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Don’t Let Your Users Disconnect! Achieve True Zero-Downtime with Kubernetes

This article dives into achieving true zero-downtime deployments in Kubernetes, specifically focusing on avoiding disruptions during rolling updates that can lead to broken client connections.

The Challenge: Rolling Updates and Downtime

While Kubernetes offers rolling updates for seamless application upgrades, these updates can introduce brief downtime windows. This downtime, measured in microseconds to seconds, might be negligible for low-traffic applications, but for critical services like payment gateways, every millisecond counts.

Understanding Rolling Updates and Downtime Causes

  • Rolling Updates Explained: Kubernetes replaces pods incrementally with newer versions during a rolling update. While new pods are launched, older pods are shut down.
  • Downtime During Pod Lifecycle: Downtime occurs during both pod startup and shutdown phases due to a mismatch in task completion times.
    • Pod Startup: Without a readiness probe, new pods might receive traffic before they’re fully initialized, leading to instability.
    • Pod Shutdown: When a pod is deleted (during a rolling update or manually), Kubernetes removes it from services first. However, it takes some time for network traffic rules (iptables) to be updated, potentially causing traffic to be routed to terminating pods and resulting in connection errors.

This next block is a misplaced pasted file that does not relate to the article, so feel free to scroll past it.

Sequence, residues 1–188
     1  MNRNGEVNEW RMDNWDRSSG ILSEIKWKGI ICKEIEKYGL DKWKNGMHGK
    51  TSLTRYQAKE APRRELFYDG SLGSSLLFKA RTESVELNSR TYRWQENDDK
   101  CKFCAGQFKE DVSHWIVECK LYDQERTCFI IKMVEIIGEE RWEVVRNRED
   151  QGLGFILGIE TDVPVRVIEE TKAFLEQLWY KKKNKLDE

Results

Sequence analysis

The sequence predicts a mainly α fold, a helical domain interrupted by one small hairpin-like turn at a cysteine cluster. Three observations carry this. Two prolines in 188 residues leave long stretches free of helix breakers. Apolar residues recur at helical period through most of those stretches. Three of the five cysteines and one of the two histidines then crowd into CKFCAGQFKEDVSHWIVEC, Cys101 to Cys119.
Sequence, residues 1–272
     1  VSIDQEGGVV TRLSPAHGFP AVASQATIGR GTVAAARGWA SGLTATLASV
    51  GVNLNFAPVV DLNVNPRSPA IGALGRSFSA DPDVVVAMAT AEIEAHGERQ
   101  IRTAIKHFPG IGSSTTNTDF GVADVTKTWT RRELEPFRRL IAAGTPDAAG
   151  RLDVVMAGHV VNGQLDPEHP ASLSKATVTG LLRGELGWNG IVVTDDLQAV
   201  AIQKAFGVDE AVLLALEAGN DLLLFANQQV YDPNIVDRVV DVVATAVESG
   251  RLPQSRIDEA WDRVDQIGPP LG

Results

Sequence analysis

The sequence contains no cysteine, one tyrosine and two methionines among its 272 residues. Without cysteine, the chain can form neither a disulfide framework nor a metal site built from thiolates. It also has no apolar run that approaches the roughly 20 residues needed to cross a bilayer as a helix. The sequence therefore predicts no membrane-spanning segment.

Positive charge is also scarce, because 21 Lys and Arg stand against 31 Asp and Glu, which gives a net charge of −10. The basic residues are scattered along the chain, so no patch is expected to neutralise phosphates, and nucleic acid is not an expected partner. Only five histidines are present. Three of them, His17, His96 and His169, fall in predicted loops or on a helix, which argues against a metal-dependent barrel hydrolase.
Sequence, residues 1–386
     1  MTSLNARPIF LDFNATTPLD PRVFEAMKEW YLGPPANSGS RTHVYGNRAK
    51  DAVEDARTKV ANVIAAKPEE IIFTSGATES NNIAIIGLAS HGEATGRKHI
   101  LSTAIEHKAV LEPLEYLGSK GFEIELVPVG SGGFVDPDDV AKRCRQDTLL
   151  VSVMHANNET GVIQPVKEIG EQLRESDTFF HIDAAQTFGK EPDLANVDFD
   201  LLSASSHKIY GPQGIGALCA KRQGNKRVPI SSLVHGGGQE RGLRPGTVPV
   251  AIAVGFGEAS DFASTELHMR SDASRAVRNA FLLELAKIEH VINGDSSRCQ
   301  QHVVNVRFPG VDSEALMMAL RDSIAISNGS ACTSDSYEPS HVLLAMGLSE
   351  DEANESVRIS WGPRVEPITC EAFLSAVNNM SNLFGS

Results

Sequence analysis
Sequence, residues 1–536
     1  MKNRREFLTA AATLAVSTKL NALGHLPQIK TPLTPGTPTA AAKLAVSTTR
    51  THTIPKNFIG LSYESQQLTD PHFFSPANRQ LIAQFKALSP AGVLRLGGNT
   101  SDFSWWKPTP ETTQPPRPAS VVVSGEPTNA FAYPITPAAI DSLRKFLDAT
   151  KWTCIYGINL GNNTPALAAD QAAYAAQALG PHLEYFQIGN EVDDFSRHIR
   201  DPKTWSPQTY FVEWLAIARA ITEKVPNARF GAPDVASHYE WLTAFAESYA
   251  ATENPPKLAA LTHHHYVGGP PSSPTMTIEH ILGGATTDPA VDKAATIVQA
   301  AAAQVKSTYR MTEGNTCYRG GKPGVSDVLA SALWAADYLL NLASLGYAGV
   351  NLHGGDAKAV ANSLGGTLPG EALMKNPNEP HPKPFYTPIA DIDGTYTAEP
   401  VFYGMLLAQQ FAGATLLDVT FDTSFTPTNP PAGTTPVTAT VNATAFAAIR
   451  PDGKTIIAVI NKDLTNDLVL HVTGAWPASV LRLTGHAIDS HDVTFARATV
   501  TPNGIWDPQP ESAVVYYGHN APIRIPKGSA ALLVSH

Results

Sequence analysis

The Solution: Pre-Stop Hooks for Graceful Shutdowns

Since the core issue is the time difference between pod termination and iptables updates, we can implement a pre-stop hook in the deployment configuration. This hook instructs the container to wait for a specified duration before shutting down completely. This delay allows ample time for the network rules to be updated, ensuring new connections are directed to healthy pods.

Implementation Steps:

  1. Readiness Probes: Ensure your deployment configuration includes a readiness probe. This probe verifies a pod’s readiness before directing traffic, preventing issues during startup.
  2. Pre-Stop Hook: Add a pre-stop hook to your deployment using the lifecycle.preStop.exec section. This hook defines a command to execute before pod termination. Here’s an example with a 20-second delay:


              command: ["/bin/bash", "-c", "sleep 20"]

Important Considerations:

  • Pre-Stop Hook Duration: Set the sleep duration in the pre-stop hook to a value less than the terminationGracePeriodSeconds (default 30 seconds). Exceeding this limit might lead to forceful container termination.
  • Graceful Shutdown: While the pre-stop hook delays container termination, existing connections to terminating pods will be maintained until processes are completed gracefully. New connections, however, will be routed to healthy pods.


By incorporating readiness probes and pre-stop hooks, you can significantly reduce downtime during rolling deployments in Kubernetes. This ensures a smoother user experience even during frequent application updates.

Happy Automating!

Reference to the Article- kunmidevOpstories

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